1970 -1980

There were approximately 18 single engine and 3 multi-engine aircraft based at the airport with 1,800 operations per month.

Approximately 19 single engine aircraft, 2 multi-engine and 1 amphibian based at the airport.  Approximately 1800 operations monthly.

VOR/DME approach approved (18 SE and 3 based aircraft.). Approach later de-activated due to inaccuracies.

July 1973-1975
All of the above mentioned businesses came into Gallatin. This increased the number of corporate aircraft
using the airport (don’t have the number of based aircraft).

A row of 10 T-Hangers was built. A jet fuel depot was installed. The runway was lengthened. The Gallatin Airport Commission was formed with Harold Duffer as the Chairman.  Ramp was expanded.

Ten T-Hangars were built, the County signed the note to finance, the Gallatin Airport business made the payments and kept the monies collected and at the end of ten years the T-Hangars were to belong to the County and now they do.  Donnelley Printing Company wanted jet fuel, so they loaned some money to the County to help pay for the installation. The jet fuel was added in 1984. This debt was paid back to the county by a $.03 on the gallon of jet fuel that was sold monthly. The County in turn paid Donnelley. The runway was strengthened to permit G-2’s and G-3’s to land here.  This was the year the Airport Committee was formed.  This committee works independent of G.F.S. or the present operations.  Harold Duffer was the first Chairman of this Committee.  He did an outstanding job, but took himself off because he felt he had a conflict of interest.  At this time Duffer stated the improvements made had added 3 quarters of a million dollars to this airport.  98% of funding came from Federal and State.  The Committee working with the Bureau of Aernautics planned for a terminal building and paved parking.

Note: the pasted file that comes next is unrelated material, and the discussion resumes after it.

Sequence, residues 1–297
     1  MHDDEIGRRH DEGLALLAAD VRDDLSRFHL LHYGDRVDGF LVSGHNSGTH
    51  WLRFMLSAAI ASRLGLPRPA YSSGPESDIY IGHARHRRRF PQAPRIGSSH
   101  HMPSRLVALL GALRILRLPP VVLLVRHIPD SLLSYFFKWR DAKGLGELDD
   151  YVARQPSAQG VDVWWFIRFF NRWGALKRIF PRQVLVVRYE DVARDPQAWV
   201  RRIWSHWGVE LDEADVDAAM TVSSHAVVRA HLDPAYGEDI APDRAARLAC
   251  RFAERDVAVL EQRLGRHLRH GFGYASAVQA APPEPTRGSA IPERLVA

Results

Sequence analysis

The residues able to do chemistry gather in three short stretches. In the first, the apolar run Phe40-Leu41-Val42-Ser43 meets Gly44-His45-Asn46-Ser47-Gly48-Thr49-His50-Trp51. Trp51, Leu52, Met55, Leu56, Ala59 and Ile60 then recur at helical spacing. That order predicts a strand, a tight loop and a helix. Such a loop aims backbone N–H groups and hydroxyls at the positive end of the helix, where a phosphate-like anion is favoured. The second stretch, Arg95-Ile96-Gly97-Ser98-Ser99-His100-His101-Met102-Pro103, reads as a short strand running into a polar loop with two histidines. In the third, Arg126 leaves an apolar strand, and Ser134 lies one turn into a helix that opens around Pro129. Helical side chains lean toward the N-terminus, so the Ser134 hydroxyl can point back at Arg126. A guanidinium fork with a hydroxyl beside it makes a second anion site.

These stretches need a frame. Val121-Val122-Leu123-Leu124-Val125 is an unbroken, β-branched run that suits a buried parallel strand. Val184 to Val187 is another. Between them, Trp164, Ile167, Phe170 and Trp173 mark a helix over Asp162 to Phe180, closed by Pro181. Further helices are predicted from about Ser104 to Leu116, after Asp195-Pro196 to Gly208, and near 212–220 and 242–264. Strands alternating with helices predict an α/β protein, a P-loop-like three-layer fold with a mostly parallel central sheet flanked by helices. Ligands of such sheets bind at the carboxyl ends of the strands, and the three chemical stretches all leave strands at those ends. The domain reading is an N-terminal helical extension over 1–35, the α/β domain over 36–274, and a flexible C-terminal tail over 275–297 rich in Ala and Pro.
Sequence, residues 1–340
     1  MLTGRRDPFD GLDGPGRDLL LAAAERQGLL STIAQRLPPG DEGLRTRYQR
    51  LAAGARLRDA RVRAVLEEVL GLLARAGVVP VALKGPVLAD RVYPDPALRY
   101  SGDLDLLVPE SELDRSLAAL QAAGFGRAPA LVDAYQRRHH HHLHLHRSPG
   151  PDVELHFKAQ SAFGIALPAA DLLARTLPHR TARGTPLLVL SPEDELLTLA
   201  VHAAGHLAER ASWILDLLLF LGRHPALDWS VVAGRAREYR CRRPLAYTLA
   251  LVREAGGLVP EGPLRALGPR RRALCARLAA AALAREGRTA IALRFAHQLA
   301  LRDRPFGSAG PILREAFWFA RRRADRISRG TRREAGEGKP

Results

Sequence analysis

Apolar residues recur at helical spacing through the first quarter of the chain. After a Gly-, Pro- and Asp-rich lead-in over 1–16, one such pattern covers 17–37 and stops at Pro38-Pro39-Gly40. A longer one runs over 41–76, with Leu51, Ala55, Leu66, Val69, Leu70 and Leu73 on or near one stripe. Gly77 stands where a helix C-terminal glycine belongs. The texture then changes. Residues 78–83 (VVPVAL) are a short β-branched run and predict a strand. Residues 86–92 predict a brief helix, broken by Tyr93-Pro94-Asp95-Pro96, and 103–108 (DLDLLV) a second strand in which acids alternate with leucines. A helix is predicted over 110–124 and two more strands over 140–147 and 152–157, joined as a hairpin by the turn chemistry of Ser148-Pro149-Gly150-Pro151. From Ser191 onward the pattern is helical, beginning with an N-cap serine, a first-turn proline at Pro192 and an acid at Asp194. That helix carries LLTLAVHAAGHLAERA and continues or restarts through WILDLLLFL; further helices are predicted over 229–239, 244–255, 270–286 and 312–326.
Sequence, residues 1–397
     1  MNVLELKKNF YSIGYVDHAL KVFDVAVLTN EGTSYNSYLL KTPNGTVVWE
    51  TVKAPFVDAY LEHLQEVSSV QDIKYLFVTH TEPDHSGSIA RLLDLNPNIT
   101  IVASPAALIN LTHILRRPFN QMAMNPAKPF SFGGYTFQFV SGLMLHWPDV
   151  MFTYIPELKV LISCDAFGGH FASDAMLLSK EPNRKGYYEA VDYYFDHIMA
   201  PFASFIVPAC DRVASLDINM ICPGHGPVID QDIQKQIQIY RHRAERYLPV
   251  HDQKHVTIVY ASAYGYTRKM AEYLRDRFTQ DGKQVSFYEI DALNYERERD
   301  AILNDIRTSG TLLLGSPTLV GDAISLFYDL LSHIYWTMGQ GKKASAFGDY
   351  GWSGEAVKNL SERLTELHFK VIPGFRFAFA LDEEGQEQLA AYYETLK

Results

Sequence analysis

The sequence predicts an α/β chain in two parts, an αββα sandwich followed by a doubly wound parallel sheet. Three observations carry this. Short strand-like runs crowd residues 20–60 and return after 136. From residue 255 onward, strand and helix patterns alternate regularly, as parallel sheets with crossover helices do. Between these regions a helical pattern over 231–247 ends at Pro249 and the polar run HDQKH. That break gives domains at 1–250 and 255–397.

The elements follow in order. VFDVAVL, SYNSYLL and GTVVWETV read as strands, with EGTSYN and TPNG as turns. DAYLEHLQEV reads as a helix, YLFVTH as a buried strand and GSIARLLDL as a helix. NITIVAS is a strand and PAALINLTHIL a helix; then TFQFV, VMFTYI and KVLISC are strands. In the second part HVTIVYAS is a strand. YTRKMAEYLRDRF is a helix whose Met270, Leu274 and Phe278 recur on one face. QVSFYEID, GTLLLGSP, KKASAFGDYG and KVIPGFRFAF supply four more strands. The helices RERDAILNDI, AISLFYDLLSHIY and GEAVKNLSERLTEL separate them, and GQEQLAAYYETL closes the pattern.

VASI lights were installed.  The VA program was phased out by the Government resulting in a contraction of instruction operations.  At this time the managers of the Sparta White, Cookeville, Portland and Bowling Green airports had had their training at Gallatin.  One of the pilots for the State of TN had taken his Multi-Engine training here.  Also, Corporations based locally came to Harold Chambers for pilot recommendations.  HENNY PENNY, SHONEYS, MEL TILLIS, L & C.

Runway was lengthened to 5000 feet to accommodate jet aircraft and strengthened to handle Gulf stream II’s.  Also additional ramp space was added.  Gallatin Airport Commission formed. Harold Duffer – first chairman.

Bowling Green and Portland still sending students to Gallatin.

1980 -1990

First jet fueled was Citation owned by Donnelley Printing.

Jet fuel farm installed with financial assistance from City of Gallatin and R.R. Donnelley Printing Co.